On the other hand, Cyclocross bikes are equipped with two sets of brakes, cantilever brakes, and disc brakes. Cantilever brakes are used because of the wide cyclocross tires. However, most bikers prefer disc brakes because of their commendable performance.
They provide a great stopping power which is noticeable in wet weather. The rear brake lever in a cyclocross bike is positioned towards the left side of the handlebar so that the biker can lift the bike with one hand while applying the brakes with another.
Even though both road bikes and cyclocross bikes use drop handlebars instead of flat bars, their width varies, and so does the reason behind using drop bars. Road bikes are designed to be fitted with narrow handlebars, which steep a little low.
This positioning of drop bars improves speed and facilitates an aerodynamic posture, allowing you to go downhill with no discomfort. This is why road bikes are great for road racing.
But, riding in this forward-leaning position that arches your back for long hours can create back problems for you. Cyclocross bikes use wider drop bars because handling the bike is more manageable with them on rugged terrains. Unlike road bikes, they are positioned slightly higher.
This reduces the chance of back pain by allowing the riders to slightly straighten their back for a better riding experience. However, it still does not prevent the aerodynamic posture as you are required to bend forward for efficiency. Furthermore, the Union Cycliste Internationale (UCI) has made it obligatory for all cyclocross bikes to have a width of the bike below 50cm.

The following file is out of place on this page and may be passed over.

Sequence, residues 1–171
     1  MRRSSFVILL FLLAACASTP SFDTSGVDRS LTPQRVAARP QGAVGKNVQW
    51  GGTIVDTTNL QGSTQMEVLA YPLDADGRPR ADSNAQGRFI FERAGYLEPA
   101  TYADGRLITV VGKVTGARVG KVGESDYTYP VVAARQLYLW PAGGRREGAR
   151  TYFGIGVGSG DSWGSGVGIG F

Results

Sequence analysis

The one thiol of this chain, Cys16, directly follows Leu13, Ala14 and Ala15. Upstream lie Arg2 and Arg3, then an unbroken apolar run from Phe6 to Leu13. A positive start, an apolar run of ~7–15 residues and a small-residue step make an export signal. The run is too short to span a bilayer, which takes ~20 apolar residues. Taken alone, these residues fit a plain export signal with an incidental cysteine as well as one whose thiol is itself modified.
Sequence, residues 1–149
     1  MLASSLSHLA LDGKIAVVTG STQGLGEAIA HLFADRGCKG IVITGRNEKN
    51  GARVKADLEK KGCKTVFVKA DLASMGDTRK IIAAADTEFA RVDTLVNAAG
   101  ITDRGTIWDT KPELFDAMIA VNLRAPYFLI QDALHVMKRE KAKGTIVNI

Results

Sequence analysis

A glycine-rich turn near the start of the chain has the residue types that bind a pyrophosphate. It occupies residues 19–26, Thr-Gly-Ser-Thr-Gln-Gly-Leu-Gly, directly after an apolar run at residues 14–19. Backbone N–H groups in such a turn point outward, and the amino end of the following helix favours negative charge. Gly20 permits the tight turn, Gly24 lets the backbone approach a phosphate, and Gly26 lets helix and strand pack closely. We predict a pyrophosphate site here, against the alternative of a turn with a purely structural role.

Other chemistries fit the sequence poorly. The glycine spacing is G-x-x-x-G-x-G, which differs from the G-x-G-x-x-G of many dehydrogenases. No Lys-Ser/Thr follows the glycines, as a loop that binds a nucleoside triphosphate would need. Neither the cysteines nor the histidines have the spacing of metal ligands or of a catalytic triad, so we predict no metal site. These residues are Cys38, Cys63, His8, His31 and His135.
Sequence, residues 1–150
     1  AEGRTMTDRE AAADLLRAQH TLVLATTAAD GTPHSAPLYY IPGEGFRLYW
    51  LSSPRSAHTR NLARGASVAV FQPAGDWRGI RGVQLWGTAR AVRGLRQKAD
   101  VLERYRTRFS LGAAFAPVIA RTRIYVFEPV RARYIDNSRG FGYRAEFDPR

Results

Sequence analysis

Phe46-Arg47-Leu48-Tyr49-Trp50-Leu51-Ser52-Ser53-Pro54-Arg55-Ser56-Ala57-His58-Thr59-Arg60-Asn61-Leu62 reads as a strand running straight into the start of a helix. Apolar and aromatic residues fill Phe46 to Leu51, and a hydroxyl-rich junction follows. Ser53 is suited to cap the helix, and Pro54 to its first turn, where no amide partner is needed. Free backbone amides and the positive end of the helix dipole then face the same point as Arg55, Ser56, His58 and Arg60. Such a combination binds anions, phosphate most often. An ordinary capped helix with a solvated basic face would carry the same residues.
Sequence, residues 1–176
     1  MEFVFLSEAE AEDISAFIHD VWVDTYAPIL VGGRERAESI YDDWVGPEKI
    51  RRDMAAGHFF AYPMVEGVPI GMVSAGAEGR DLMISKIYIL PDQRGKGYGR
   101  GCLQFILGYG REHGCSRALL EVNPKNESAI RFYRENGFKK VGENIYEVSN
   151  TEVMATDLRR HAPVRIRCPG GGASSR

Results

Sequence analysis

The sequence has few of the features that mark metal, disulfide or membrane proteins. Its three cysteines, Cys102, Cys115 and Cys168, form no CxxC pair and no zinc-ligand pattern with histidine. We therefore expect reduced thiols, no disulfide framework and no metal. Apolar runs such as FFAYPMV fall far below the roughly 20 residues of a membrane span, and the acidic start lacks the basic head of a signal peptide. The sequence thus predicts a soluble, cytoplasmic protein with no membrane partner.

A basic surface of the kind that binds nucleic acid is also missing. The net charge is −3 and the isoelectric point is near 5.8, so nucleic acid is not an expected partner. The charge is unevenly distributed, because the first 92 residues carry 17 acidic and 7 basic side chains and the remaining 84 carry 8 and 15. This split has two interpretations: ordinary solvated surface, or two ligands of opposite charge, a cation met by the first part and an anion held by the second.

The focus and intent of a cyclocross bike differ from that of a road bike. This is why a road bike is fitted with relatively higher gears, as it focuses on maximizing speed and performance. High gears help to achieve that by allowing a road bike to ride at high speeds.
On the other hand, a cyclocross bike cannot solely focus on agility. It is expected to accommodate both smooth and rugged terrains. For this purpose, cyclocross bikes are equipped with lower gears.
Cyclocross bikes are considerably heavier than road bikes because of the thick tires they are equipped with. A rigid frame and disc brakes just add up to this weight. However, these cyclocross bikes are still light enough for you to lift them up in case you come across road barriers while riding.
Road bikes are relatively lighter due to a compact frame, thin tires, and a single brake system. As discussed earlier, most road bikes possess a carbon fiber frame. This significantly lowers their weight.
Road bikes are generally focused on maximizing speed and agility. They tend to overlook the importance of comfort in the process. With drop bars that are positioned low and the overall geometry of the bike, you are compelled to lean forward while riding in an aerodynamic position.